"Overcome By Comical Irony"
What You Need To Know:
HAPPY, HAPPY is well made, with solid acting. There is even some positive Christian content, including a touching rendition of “Amazing Grace” by Kaya, the main character. However, the movie also contains excessive lewd content. Finally, an ironic tone pervades HAPPY, HAPPY, which dilutes the power and possible positive meaning of the movie’s Christian content.
(RoRoRo, PCPC, CC, HoHo, L, V, SS, NNN, AA, DD, MM) Very strong implied Romantic, somewhat politically correct worldview with some overtly positive Christian content, especially a touching rendition of “Amazing Grace” during the story and a final jaunty version of a hymn over the end credits, plus overt homosexual references that add to the dominant objectionable worldview; four obscenities, two strong profanities, one light exclamatory profanity; light violence includes amateur wrestling shown on TV, fighting, boy’s face dumped into rice pudding, and white boy form Norway pretends to be whipping black boy from Ethiopia as they play slave; depicted adulterous fornication, implied adulterous fornication, implied oral sex, and depicted marital sex; full male nudity as married man chases married woman in the snow; alcohol use and drunkenness; smoking and references to marijuana; and, white boy form Norway convinces shy black Ethiopian boy to play master and slave, lying, man grumbles briefly about having to sing in church choir but seems to enjoy doing it after he joins, and a somewhat perplexing ironic tone.
HAPPY, HAPPY is an acclaimed Norwegian comedy about a happy woman who’s finding less and less joy in her marriage and family, then finds out her husband is homosexual when she has an affair with their new next door neighbor. There’s some overt Christian content in this movie that points the way to salvation and away from sin, but the movie’s often ironic, sometimes ambiguous tone leads to an ultimately unsatisfying open ending.
The story begins in rural Norway in the heart of winter, but before Christmas. Kaja (Kaya in English) loves her husband, Eirik, and their son, Theodor, but Eirik hasn’t been intimate with Kaya for a year. He also goes away for almost week-long hunting trips. Even worse, he’s starting to turn their son away from her.
Into this sad relationship come two new neighbors, Elizabeth and Sigve. The new couple, with their adopted Ethiopian son, Noa, is renting the house next door from Kaya and Eirik.
Kaya thinks Elizabeth and Sigve are the perfect couple, but then Elizabeth admits they moved to the country because she had an affair in the city. Kaya encourages Elizabeth and Sigve to joint the local church choir. They do, and Elizabeth encourages Kaya to join them.
One night, however, Kaya begins a torrid affair with Sigve. Her son soon finds out and is ashamed. Then, viewers learn that Eirik is actually homosexual. Hence, the phony hunting trips and lack of intimacy with Kaya. Like Kaya, he also likes Sigve and tries to kiss him, but Sigve turns him away.
Eventually, Elizabeth finds out about the affair with Kaya, Sigve moves in with Kaya, and Eirik sleeps out in a wooden hut he’s built outside. What happens next is surprising.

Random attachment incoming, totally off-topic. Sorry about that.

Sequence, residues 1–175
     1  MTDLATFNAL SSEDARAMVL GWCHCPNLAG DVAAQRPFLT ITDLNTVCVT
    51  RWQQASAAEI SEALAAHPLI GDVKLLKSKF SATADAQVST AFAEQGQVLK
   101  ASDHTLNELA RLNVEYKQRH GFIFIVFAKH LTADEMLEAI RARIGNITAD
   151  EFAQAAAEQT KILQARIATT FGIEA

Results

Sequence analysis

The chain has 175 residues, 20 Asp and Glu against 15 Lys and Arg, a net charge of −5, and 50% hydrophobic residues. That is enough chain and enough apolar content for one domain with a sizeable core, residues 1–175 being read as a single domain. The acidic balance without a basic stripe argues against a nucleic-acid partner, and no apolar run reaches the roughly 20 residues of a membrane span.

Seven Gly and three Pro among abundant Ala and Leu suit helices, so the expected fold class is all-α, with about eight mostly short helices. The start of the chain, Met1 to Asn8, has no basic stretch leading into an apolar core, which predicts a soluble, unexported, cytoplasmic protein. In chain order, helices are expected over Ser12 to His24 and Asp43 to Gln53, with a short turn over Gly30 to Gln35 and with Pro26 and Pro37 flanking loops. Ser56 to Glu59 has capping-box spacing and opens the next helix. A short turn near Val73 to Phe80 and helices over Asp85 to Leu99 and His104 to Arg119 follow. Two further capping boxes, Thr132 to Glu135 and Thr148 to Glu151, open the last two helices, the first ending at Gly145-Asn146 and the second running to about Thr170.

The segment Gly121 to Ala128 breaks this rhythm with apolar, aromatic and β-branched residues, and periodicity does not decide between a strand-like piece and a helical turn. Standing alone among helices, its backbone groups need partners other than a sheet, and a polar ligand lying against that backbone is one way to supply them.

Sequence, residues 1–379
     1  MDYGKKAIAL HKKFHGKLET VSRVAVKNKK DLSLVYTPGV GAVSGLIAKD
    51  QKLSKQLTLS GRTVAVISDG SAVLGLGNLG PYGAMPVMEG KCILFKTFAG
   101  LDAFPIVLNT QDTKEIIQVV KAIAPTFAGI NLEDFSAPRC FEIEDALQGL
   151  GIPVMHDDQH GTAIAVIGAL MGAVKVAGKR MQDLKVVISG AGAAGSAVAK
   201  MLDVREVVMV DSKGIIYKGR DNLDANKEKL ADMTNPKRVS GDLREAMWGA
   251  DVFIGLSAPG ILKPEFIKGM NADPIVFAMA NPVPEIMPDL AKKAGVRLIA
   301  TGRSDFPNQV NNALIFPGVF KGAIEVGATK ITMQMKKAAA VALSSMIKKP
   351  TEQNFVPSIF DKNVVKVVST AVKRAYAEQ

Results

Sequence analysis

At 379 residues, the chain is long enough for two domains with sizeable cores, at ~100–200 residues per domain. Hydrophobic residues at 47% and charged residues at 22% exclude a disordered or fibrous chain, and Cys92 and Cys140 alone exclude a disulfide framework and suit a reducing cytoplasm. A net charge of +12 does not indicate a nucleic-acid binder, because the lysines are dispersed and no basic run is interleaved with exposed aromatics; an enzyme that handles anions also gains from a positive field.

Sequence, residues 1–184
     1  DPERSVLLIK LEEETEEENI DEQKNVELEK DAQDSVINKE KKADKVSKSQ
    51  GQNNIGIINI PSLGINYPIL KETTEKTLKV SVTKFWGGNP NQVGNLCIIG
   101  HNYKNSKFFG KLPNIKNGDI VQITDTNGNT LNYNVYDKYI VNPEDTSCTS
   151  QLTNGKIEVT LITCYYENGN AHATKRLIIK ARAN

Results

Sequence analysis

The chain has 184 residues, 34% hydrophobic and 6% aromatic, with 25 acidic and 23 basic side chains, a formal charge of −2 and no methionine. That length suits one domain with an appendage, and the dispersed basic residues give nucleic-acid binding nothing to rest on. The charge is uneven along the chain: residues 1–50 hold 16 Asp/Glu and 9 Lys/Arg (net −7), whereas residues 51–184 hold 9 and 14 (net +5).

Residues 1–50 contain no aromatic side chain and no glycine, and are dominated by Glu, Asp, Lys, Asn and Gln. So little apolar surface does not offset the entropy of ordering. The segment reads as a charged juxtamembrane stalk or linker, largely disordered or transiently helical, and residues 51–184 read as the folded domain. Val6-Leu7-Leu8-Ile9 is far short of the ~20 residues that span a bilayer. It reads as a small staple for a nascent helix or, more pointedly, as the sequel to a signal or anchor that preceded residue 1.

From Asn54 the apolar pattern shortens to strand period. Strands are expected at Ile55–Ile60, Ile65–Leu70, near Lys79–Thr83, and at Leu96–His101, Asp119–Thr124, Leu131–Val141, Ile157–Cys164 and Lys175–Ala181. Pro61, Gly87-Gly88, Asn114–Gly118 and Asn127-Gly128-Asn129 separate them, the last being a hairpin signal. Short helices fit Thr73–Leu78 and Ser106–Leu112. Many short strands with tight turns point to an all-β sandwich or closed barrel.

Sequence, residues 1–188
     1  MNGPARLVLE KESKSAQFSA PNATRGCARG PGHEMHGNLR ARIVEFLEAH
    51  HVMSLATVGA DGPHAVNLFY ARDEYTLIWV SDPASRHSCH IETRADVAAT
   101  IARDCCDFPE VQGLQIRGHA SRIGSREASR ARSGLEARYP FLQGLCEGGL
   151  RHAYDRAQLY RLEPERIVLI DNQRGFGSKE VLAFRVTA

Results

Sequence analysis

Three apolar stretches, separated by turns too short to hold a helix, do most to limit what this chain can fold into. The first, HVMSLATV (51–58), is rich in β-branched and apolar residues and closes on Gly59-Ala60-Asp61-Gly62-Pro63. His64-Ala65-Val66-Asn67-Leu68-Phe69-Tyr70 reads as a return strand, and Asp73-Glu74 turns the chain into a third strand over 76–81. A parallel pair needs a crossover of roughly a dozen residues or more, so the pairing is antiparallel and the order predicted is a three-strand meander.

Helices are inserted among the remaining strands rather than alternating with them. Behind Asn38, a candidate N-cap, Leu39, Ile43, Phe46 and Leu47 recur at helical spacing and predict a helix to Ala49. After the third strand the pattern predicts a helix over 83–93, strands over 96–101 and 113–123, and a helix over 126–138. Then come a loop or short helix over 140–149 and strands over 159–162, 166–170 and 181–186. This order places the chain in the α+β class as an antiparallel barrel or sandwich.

HAPPY, HAPPY is definitely well made. There’s even some positive Christian content, which includes a sort of Greek chorus of four male singers performing lively a capella hymns. The best part is when Kaya sings a beautiful but halting solo of “Amazing Grace” at the Christmas concert. Sadly, however, the movie doesn’t take full advantage of this redemptive content by having a Christian ending. [SPOILER ALERT] In the end, although Sigve reunites with his wife, Kaya and Eirik realize they can’t reconcile because Eirik doesn’t want to stop being homosexual. So, when Sigbe and Elizabeth move back to the city, he moves into the house next door. The end.
The lack of a Christian, fully redemptive ending in HAPPY, HAPPY is emphasized by the movie’s ironic humorous tone. Also, it’s clear that the filmmakers wanted to avoid clear meanings, so their movie contains some frustrating art-house, foreign ambiguity. In fact, it could be argued that Kaya’s adulterous affair brought things out in the open and helped repair some of the problems in the relationships between these two married couples. Thus, according to the movie, although her husband’s homosexuality cannot be changed, and they must separate, Kaya and Eirik seem to become happier now that he’s decided to move next door. And, Kaya is finally free to repair and improve her relationship with their son too.
These last lessons are probably indeed part of what the movie’s trying to say, but it’s still open to interpretation. In fact, in interviews and her director’s statement, the movie’s director indicates that the message most resonating with her is the idea that being a happy person, like Kaya is, cannot solve all one’s problems. Along with this message, the movie also seems to be saying that relationship problems are better resolved when people bring the problems out into the open rather than keeping them hidden. This fits in with the movie’s apparent left-wing and antinomian (or lawless) attitude toward homosexuality. In fact, judged as a whole, HAPPY, HAPPY ultimately seems to be just another in a long line of liberal lawless movies about Christianity and morality. It’s more ambiguous than didactic, however, so it only rates a Minus Three rather than a Minus Four. Christians and those who are honestly seeking God’s truth may find themselves recognizing, at least by the scene with “Amazing Grace,” that Jesus Christ is the ultimate answer to all our problems. The fact that Kaya’s adultery clearly brings pain to everyone eventually also is another positive aspect to HAPPY, HAPPY.
“The Kingdom of God is near. Repent and believe the Good News!”
– Jesus Christ, Mark 1:15.